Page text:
Doctors who treat people with HIV spend almost 80% of their time managing non-HIV, age-related illnesses. Chronic “non-AIDS” conditions that are typically associated with aging include heart disease, cancers, and lung and bone diseases. HIV is now classified as a chronic disorder. Someone with two or more chronic illnesses is described as having multimorbidity.
PLACING EMPHASIS ON SUSTAINING FUNCTION
Older adults with HIV are developing more comorbidities of aging compared to older adults without HIV. Older adults with HIV can benefit from care models developed by geriatricians who are trained to manage multimorbidity. Geriatricians focus on sustaining a person’s function rather than trying to target and manage each illness separately. By emphasizing function, the patient can sustain their independence and age in place (i.e. at home), thereby experiencing a better quality of life.
MORE PILLS DOES NOT MEAN BETTER HEALTH
Geriatricians know that as a person develops more disorders with ago, they will take more medications that can increase the risks for adverse effects, falls, and dangerous drug-drug interactions. The simultaneous use of multiple drugs is called polypharmacy (see pill burden below). Geriatricians know that people who take multiple medications are less likely to be adherent, including to HIV meds. Most research reports show that older adults with HIV experience polypharmacy at significantly higher rates than those without HIV. In addition to polypharmacy, geriatricians are also aware of other conditions such as frailty, dementia, compromised mobility, and risk for falls. When making treatment decisions, geriatricians know the social support that an older adult can receive from family members, friends, and neighbors can positively affect health outcomes. Similarly, they are aware of the negative impact of social isolation and unaddressed mental health issues.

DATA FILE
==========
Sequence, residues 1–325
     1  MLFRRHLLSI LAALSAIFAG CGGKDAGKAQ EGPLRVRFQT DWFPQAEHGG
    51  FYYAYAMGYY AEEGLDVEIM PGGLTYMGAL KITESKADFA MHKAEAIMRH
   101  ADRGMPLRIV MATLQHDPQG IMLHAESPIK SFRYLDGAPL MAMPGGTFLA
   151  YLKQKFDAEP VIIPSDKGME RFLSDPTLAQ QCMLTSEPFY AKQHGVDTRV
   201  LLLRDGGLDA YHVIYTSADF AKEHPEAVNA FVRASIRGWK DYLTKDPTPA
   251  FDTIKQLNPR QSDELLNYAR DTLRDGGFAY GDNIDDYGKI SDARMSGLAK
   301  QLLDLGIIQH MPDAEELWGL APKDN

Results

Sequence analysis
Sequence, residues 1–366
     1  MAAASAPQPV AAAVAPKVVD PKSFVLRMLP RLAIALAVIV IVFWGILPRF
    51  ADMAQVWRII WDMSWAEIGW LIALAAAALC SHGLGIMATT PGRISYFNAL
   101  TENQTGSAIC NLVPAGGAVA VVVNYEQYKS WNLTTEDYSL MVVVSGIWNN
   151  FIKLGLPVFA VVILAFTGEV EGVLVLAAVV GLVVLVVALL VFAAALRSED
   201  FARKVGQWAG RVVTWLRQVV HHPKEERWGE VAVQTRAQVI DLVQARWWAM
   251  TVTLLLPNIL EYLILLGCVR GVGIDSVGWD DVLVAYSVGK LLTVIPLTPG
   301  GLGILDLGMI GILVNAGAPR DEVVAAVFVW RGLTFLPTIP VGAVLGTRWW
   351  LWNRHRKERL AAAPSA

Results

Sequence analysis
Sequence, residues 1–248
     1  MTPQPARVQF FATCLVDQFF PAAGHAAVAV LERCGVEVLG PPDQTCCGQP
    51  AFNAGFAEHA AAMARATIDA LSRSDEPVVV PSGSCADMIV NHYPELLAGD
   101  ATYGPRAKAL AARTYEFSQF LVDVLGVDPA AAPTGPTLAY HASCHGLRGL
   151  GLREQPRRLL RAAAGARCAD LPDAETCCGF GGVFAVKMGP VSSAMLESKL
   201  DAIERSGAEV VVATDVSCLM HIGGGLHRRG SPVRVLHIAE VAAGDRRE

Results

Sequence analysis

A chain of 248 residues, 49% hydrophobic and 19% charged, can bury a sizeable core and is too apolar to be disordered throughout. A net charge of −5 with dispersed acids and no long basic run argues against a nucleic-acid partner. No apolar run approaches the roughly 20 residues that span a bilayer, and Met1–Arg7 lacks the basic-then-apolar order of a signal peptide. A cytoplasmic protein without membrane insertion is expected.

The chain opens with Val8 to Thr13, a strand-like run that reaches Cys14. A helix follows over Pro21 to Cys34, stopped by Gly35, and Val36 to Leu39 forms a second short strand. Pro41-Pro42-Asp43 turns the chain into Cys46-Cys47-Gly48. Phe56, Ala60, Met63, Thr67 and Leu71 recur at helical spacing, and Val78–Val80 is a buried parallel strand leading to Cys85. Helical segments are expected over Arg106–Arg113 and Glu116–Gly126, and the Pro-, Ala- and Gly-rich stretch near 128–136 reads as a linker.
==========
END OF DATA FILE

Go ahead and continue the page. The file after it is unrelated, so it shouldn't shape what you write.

What you can do with your doctor
Older adults with multimorbidity often discover that there is too little or no communication between their primary care physician (HIV treating physician) and specialists to whom they have been referred. This underlines the need for a person who can coordinate the care among providers and the patient. Without a care coordinator, the patient needs to inform the primary care physician of the care they received from a specialist. This may include details of new treatments and medications that have been prescribed. You should alert your doctor when there are any changes that specialists may have made to your medications or dosages.